Chomsky on Saddam & Neville Chamberlain = Tony Blair

.. and! with a sarcasm that seems a little more pronounced than usual, here's Chomsky on Saddam's capture. Thanks to AlterNet. Chomsky does a succinct job on unwinding the conveniant hypocrisy being employed in selecting & determining the culpability for Hussein's actions, when in the past the US and other democratic powers supported various nefarious actions by the dictator, such as the quashing of the Shiite rebellion in the early '90s.

Next up are the observations comparing Shirer's Rise and Fall of the Third Reich with the contemporary globe. There's a number of notes to be raised. First and foremost, what strikes me hard is the comparison I jotted down, late one night, of Neville Chamberlain to Tony Blair. I was shocked at the lengths to which Chamberlain, throughout the '30s, went to appease Hitler. Hitler's initial successes lay not in his military strength (Germany was in fact quite underpowered compared to France, Britain and even Czechoslovakia), but in his ability to twist, with the abilities of a cunning maniacal public persona and a cunning diplomatic doppelganger, each nation to his will. Chamberlain, as well as France, Hungary, Poland and Czechoslovakia were complicit in the fall of independent Austria. Hungary and Poland remained especially complicit to Czechoslovakia's downfall, taking sections for themselves--and Chamberlain despised the free, democratic state centred in Prague. Russia wanted Poland. And so on. The historical purview of the good vs. evil whitewash in which we view Nazi politics is complicated considerably when one considers the culpability of the major powers (and some of the lesser ones) in Hitler's rise to power--not to mention, of course, the German people's. How does this compare to today? Tony Blair, despite his rhetoric of virility, is as much an accomplice to Bush's unmitigated war as Chamberlain was to Hitler. Blair has gone out of his way to appease Bush's corporate drive for Middle Eastern power. Unfortunately, whereas Chamberlain eventually had Churchill to contend with, there seems to be no strong opposition to Blair either in the UK (save for London's Mayor, Livingstone), in Europe (save for the opportunism of France, and ironically, Germany), or of course in North America (and to make matters worse, the new Prime Minister of Canada and leader of the Liberal party, Paul Martin, is making it his top duty to bring Canada in line--like Australia--with US policies, despite a majority public disapproval of US warmongering).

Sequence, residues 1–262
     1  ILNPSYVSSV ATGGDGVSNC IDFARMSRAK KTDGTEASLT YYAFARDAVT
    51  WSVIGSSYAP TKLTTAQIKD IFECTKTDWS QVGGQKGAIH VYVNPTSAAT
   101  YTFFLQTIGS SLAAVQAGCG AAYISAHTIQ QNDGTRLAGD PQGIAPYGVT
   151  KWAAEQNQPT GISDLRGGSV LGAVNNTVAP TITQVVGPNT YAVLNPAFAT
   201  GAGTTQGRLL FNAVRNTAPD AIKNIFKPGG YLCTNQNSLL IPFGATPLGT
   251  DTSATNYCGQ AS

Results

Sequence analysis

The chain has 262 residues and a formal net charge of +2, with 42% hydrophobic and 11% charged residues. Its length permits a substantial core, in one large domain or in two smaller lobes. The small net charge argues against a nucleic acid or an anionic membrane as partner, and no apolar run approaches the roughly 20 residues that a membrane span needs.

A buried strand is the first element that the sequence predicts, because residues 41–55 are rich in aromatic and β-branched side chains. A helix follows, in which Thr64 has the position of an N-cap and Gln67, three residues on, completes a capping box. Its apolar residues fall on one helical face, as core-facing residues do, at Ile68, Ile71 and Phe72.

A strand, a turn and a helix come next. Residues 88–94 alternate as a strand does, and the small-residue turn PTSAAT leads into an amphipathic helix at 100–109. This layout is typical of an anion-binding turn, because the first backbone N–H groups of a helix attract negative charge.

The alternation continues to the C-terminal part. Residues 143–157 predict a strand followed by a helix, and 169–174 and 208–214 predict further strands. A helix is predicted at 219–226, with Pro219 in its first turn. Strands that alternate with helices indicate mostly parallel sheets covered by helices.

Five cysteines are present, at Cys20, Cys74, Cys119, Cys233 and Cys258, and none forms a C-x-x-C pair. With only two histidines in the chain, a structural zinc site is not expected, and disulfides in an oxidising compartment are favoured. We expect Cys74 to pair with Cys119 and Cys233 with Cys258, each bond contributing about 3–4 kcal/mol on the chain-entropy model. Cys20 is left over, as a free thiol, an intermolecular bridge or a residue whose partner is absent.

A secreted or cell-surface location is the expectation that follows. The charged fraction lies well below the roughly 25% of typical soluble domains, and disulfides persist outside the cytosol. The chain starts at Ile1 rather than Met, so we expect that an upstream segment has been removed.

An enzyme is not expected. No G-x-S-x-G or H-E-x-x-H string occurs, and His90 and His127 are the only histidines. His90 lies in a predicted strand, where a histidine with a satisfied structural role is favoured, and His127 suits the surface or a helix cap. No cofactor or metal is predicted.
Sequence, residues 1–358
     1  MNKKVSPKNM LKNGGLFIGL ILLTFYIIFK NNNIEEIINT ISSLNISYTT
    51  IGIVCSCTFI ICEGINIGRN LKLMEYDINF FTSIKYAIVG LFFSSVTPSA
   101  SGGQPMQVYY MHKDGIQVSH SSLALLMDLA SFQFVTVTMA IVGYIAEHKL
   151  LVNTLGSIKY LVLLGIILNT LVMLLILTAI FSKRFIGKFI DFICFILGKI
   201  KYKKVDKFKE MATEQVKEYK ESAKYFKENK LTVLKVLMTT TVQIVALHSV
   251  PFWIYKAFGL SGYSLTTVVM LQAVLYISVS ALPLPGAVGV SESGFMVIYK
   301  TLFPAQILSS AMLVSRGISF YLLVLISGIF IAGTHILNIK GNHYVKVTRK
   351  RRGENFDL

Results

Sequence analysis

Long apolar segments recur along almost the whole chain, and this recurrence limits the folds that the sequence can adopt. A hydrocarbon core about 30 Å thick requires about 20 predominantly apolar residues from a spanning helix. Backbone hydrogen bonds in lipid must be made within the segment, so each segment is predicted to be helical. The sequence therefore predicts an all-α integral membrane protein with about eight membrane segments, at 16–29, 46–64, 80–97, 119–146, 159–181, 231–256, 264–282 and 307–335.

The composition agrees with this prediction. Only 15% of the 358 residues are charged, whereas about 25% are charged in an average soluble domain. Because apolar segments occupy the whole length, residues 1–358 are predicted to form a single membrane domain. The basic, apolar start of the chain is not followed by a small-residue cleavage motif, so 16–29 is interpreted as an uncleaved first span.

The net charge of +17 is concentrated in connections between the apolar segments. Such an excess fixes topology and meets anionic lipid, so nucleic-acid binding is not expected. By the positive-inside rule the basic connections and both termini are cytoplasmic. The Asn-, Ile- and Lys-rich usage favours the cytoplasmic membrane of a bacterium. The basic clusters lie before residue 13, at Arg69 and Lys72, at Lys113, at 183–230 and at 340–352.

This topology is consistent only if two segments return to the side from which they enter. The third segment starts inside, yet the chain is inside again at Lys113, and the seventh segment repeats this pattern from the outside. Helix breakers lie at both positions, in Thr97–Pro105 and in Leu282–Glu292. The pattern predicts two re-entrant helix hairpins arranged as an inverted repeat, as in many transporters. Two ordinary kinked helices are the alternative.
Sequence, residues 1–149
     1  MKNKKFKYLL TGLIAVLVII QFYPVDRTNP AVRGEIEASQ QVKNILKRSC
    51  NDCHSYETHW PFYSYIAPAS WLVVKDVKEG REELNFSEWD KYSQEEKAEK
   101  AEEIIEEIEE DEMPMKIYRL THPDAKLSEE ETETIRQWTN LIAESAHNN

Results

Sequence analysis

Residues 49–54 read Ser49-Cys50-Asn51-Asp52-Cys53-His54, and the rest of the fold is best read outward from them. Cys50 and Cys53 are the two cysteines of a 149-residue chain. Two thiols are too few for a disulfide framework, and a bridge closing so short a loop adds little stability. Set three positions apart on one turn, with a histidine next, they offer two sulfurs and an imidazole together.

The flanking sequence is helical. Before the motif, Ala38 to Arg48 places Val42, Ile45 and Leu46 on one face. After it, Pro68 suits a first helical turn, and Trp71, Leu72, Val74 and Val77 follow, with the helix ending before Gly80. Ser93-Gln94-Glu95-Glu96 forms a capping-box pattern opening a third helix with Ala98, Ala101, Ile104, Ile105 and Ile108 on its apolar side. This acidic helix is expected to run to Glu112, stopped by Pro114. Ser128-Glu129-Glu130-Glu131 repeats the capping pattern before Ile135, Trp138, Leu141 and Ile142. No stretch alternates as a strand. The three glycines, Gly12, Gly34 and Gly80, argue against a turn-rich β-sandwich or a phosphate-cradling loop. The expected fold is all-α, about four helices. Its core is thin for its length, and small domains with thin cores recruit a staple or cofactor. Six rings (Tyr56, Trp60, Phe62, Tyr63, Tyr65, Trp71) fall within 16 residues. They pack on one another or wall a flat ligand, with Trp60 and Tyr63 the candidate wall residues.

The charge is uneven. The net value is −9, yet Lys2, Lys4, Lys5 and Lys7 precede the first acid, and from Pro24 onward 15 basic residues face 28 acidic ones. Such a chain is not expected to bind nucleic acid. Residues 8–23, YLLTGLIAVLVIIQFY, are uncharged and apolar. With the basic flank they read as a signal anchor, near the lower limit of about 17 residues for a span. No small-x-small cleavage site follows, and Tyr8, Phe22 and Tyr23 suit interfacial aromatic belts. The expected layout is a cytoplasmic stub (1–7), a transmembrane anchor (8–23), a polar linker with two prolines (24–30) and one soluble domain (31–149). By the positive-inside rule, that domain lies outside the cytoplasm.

Throughout this slight analysis is the assumption that Bush bears some resemblance to Hitler. In that he doesn't--at least not personally. Hitler was a wounded, evil genius, a brilliant orator, an incredible organiser, ruthless and cutthroat. Bush is a has-been drunkard and cocaine binger. His power lies in the corporation, like Mussolini's fascism, and in his idiocy--he speaks at the level of which America, or at least 'middle America', or TV-land America, wants to think. Like Reagan, he is a TV character (analysed with excellence by Brian Massumi in Parables for the Virtual). But Bush is a strange brew. His religious fanaticism and American fatalism promises a similar 'American Destiny' as to that envisioned by Hitler for the German people. Bush's patriotic insistence reeks of Germany's 'Blood and Soil' rhetoric of the Fatherland. There is something eery and uncanny about reading Shirer's self-confident analysis, as an American journalist in Germany, as he constantly criticizes the Europeans for their inability to recognise (nevermind act upon) the demented anger and vengeful depths of Hitler's Nazi Germany. Fifty years history switches its two-step tunes. For today it is the United States which occupies the structural position of the State aggressor. And its tactics--claiming persecution, wide terrorist networks, and so forth, such as the memorable 1991 incident of Iraqi troops smashing baby incubators, an out-and-out fabrication--are again uncannily similar to those perpetuated by Germany to gain its immediate 'breathing room' of the demilitarized Rhineland, Austria and Czechoslovakia (that pregnant German women were being beaten by Jews and other racial groups in neighbouring countries, etc.). The geography might have changed, the economics are different, propaganda, media and warfare technology are an entirely different beast, and the people involved are night & day, but the means to sway the complacent masses of the nation-state and the basic means of persuasion and violence remain the same in light of the same goals: absolute power, driven by fanaticism.

Oh, you want to know a little about BC politics? This is good.

Newspaper columnist Allan Fotheringham once observed:
In the Maritimes, politics is a disease, in Quebec a religion, in Ontario a business, on the Prairies a protest and in British Columbia entertainment.

posted. Tue - December 23, 2003 @ 08:01 PM           |